'Savage' thought-provoking between laughs
Members of the Olentangy High School theater department say their latest production will make you laugh -- and make you think.
Three performances of The Curious Savage are set for 7 p.m. Friday and 2 p.m. Saturday and Sunday, Nov. 9-11.
The play tells the story of Ethel P. Savage, a woman who is left with a $10 million fortune after her husband's death.
She decides to use the money to help average people achieve their dreams -- but the decision backfires when her three stepchildren deem her crazy and have her committed to a psychiatric ward.
"They really just want to keep her under control so they can go out and use the money -- but they don't realize that Mrs. Savage has some tricks up her sleeve," said Sophie Tran, who plays the title character.
Those tricks thwart the efforts of her children to get ahold of her money at every turn.
Meanwhile, Mrs. Savage meets a wild cast of characters in the home where she is being detained.
Her fellow residents include Florence, played by Sam Davis, who carries around a rag doll she believes to be her long lost child; Fairy May, played by Bri McCabe, who is a compulsive teller of outrageous lies; and Mrs. Paddy, played by Raechel Root, who is consumed with rage and never misses an opportunity to shout an insulting opinion.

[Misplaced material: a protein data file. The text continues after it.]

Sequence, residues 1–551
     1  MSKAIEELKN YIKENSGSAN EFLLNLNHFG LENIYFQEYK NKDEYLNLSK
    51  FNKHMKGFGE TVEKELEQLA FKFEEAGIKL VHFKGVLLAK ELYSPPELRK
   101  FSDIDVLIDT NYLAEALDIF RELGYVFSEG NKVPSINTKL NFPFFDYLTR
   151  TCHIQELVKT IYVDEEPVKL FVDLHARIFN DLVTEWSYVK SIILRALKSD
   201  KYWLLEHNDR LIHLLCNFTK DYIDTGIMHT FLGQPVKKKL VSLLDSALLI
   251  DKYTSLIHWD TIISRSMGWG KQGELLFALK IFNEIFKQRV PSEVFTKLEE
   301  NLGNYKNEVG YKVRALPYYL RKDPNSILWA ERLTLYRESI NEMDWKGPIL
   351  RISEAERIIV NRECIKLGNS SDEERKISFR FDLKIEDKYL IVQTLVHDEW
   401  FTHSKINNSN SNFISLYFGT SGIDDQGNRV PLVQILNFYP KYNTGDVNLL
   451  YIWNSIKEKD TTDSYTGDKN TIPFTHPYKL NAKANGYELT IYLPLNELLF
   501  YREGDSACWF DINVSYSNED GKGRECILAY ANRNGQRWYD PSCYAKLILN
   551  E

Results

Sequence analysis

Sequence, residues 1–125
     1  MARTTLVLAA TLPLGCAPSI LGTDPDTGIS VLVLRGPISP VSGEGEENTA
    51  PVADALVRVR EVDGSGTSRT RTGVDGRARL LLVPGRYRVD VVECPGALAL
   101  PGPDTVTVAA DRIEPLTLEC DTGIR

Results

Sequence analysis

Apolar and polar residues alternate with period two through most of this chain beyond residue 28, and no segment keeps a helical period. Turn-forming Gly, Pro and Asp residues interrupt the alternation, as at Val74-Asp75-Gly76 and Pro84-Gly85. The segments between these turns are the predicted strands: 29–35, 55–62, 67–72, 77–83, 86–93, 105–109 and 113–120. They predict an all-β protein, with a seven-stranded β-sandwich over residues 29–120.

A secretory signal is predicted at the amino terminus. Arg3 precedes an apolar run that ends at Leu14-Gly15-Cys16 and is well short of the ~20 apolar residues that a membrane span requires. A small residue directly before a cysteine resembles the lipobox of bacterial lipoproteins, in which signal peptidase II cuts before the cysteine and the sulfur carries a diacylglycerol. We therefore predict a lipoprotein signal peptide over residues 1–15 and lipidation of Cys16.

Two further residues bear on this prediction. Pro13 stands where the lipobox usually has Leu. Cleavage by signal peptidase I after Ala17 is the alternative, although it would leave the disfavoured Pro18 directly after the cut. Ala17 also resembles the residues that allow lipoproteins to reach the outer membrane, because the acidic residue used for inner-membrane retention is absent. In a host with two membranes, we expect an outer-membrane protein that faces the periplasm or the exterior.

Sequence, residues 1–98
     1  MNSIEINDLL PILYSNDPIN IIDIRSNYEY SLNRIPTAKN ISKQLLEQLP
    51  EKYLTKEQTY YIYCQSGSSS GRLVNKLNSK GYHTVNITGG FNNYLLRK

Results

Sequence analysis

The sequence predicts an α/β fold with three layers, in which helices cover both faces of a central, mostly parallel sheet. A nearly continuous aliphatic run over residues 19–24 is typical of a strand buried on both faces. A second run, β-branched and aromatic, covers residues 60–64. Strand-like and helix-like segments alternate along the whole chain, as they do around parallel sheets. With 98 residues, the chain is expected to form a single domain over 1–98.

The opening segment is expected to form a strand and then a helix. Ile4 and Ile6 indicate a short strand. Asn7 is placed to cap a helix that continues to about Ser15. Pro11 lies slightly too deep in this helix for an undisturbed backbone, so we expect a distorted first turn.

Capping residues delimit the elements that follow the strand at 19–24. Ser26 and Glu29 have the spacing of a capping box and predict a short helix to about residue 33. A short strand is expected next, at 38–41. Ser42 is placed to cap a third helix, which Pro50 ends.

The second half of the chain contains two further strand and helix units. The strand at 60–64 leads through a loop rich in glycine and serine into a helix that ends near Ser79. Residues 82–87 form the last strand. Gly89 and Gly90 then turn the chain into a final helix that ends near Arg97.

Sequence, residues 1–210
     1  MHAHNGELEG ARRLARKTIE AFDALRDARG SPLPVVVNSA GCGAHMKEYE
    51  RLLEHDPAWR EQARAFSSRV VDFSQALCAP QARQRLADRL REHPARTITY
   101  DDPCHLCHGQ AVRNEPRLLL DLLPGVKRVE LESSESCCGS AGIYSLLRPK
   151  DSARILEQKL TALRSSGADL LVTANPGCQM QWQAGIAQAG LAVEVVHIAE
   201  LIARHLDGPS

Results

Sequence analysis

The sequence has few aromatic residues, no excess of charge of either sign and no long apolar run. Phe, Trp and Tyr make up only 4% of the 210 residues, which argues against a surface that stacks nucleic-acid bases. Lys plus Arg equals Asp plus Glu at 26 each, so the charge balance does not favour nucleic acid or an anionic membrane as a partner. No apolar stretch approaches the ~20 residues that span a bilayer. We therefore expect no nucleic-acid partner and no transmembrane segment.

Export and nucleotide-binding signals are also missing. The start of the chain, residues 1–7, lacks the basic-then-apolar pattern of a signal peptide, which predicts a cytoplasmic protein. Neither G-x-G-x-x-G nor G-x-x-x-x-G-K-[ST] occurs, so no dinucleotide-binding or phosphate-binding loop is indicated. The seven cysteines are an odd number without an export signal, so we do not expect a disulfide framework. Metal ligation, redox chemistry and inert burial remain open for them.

They seem completely nuts -- but are they really any crazier than Mrs. Savage's greedy kids?
"It really begs the question: What does it mean to say someone is sane?" said stage manager Sandhya Arya.
It turns out the residents actually are thoughtful, loveable and warm-hearted, despite their quirks.
"At one point in the play my character says, 'I find it harder every day to say where reason ends and madness begins,' " said Tyler Clarkson, who plays the doctor in charge of the institution.
Cast members said the show has no shortage of laughs. Mrs. Savage herself never runs out of witty quips.
"It's completely hilarious to see her making fun of the stepchildren because they are just the scum of the Earth," said cast member Liz Halter, "and most of the time it just goes over their heads."
The play's funniest moments come from watching the quirky characters clash, cast members said, and the play has physical comedy and gags that young children will appreciate.
Theater Director David Hinds said the show is a "fun little roller coaster."
"It goes right from a funny moment to a touching moment, and back to funny again," he said.
Tickets are $10 for adults, $5 for students and seniors. They can be purchased at the door or by calling the box office at 740-657-4191.